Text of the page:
I also shared this story because I was surprised at what I learned about hearing loss and mental decline, particularly in the elderly. I hope the National Institute of Health’s study points to some tangible actions we can take to help mitigate this and maybe throw some damn funding towards helping more people get GOOD hearing aids who need them. Technology has improved tenfold (my hearing aids will have an iPhone app), but prices have not come down. Yes, technically you’re getting more for your money now, but that money is a pretty high amount, especially for those on a limited income.

I hope to get my hearing aids fitted some time in January 2018. I’ll keep you posted on what that process is like and how they impact my day-to-day.

In the meantime, sorry if I was only half-listening to you the last time we spoke.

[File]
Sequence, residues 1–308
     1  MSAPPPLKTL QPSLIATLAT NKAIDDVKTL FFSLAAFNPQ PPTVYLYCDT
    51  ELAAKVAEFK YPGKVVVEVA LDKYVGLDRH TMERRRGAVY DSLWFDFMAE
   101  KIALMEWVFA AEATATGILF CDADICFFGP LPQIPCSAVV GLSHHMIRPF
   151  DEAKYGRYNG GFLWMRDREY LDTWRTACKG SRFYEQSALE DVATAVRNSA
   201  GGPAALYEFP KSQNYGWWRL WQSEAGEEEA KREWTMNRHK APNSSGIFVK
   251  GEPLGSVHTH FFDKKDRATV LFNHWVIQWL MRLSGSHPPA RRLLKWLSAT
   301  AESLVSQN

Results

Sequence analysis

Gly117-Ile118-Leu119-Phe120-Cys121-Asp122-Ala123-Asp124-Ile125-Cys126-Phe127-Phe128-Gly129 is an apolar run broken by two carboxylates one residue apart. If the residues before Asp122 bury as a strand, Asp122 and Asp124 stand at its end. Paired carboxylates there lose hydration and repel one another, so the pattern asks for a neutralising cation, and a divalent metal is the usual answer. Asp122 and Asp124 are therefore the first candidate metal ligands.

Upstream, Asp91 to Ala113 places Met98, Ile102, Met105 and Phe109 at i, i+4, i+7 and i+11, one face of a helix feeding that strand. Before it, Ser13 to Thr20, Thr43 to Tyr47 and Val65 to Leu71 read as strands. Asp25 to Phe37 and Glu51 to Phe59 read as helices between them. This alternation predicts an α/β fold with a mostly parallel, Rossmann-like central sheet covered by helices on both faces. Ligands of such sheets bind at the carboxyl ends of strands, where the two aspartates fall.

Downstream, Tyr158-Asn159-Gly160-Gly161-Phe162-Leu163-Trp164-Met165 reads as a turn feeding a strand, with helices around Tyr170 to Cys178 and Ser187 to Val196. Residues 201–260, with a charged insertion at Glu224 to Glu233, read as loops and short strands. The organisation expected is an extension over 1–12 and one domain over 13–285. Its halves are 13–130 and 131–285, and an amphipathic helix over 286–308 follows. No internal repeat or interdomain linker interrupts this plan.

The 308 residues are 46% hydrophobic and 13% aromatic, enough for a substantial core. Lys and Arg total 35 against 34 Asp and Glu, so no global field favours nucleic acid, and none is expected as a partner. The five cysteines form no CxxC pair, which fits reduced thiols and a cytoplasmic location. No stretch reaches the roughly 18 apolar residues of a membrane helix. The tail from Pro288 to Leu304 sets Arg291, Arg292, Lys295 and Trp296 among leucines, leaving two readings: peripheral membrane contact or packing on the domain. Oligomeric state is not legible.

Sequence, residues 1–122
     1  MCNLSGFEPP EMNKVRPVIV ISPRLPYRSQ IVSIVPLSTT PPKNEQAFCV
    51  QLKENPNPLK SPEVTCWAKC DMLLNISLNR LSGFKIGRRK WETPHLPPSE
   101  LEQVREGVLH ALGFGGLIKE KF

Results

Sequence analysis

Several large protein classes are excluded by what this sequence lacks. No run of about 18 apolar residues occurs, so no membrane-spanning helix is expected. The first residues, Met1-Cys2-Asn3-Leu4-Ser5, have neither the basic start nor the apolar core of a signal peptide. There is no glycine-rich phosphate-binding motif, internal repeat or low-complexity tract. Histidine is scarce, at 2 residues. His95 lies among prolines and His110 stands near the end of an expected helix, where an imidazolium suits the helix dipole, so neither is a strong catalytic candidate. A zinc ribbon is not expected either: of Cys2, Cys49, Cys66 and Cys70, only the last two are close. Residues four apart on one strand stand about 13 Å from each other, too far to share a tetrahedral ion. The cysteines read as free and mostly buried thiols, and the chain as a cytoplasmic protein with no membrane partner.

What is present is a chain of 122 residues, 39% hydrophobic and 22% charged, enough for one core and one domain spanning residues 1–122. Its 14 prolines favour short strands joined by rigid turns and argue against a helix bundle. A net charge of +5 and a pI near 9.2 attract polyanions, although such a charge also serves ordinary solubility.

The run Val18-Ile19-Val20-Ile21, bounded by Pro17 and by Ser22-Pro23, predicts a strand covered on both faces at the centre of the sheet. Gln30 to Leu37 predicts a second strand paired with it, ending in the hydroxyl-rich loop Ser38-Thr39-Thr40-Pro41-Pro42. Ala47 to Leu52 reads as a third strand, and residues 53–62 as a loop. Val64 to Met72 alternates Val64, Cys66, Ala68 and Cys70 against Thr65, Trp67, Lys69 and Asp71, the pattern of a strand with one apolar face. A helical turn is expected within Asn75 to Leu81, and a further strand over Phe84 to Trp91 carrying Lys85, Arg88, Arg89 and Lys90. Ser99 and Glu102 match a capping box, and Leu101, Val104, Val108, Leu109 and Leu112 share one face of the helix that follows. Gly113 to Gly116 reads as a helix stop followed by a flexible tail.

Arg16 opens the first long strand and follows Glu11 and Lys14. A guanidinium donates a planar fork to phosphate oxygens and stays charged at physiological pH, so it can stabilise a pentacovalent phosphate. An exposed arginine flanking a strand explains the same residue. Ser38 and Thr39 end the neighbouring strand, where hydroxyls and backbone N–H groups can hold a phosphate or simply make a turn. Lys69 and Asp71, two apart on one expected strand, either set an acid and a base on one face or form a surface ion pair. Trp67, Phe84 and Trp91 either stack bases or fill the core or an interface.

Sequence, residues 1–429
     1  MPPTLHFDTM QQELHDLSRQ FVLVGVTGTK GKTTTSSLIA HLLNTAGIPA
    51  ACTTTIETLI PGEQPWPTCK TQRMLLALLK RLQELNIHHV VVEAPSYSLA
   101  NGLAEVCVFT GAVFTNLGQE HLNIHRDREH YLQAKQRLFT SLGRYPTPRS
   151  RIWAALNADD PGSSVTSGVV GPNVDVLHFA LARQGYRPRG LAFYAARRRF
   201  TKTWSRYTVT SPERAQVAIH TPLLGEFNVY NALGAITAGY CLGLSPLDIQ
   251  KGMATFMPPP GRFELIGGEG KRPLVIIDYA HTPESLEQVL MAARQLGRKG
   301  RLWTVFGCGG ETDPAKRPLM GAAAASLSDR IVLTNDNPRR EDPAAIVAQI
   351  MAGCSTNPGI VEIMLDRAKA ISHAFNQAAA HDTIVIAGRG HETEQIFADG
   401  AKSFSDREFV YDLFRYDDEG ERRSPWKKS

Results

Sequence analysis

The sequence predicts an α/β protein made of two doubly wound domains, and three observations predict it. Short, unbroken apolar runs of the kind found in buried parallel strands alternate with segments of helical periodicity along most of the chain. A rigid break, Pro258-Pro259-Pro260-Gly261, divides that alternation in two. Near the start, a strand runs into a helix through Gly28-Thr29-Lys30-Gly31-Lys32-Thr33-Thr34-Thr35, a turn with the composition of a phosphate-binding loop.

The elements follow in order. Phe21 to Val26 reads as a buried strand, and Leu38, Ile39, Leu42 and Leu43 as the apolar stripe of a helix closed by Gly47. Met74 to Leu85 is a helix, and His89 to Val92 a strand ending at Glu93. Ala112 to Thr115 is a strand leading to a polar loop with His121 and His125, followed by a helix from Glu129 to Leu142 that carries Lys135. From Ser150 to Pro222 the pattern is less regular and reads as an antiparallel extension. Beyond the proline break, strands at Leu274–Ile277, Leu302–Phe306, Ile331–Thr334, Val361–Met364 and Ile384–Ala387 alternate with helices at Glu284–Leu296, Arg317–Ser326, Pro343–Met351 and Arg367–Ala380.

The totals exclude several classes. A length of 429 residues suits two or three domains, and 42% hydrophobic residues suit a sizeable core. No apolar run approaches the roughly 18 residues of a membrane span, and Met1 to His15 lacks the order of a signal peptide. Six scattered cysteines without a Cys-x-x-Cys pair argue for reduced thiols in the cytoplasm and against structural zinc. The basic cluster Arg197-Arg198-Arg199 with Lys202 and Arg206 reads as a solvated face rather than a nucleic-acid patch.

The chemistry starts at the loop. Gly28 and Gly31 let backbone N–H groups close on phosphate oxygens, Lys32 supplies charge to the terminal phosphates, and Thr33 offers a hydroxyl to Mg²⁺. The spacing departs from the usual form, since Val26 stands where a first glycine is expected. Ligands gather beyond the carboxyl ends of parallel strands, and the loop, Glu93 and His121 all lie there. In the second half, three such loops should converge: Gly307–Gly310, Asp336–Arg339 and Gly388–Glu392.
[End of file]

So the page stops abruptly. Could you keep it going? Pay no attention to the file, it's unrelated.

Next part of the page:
At least I have an excuse. 😉

 
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Posted by on January 9, 2018 in Authenticity

 

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Small talk and the decline of practically everything

There is a lot of chatter out there.

On any given day, millions of ideas are shared via the internet, via Twitter, LinkedIn, articles, this blog, etc. Lots of one liners, jokes, snarky comments; but also inspirational quotes, videos of baby goat yoga, lists of “life hacks” (whatever the hell those really are), etc. In fact, every minute on the internet sees, among other things, a minimum of 2.4 MILLION Google searches, 347,222 tweets on Twitter, and 972,222 Tinder swipes (may you all find love).

This is the age of Big Data [insert dramatic music here].

And yet, most of what is out there is little more than a tasting menu of ideas. It’s a one-way sharing of thoughts, feelings, observations, and/or ego. We dip our toe into the pool of discourse, but we don’t stay too long lest we get dragged into a debate, get attacked by trolls, or – lord forbid – have to participate in an honest-to-god CONVERSATION.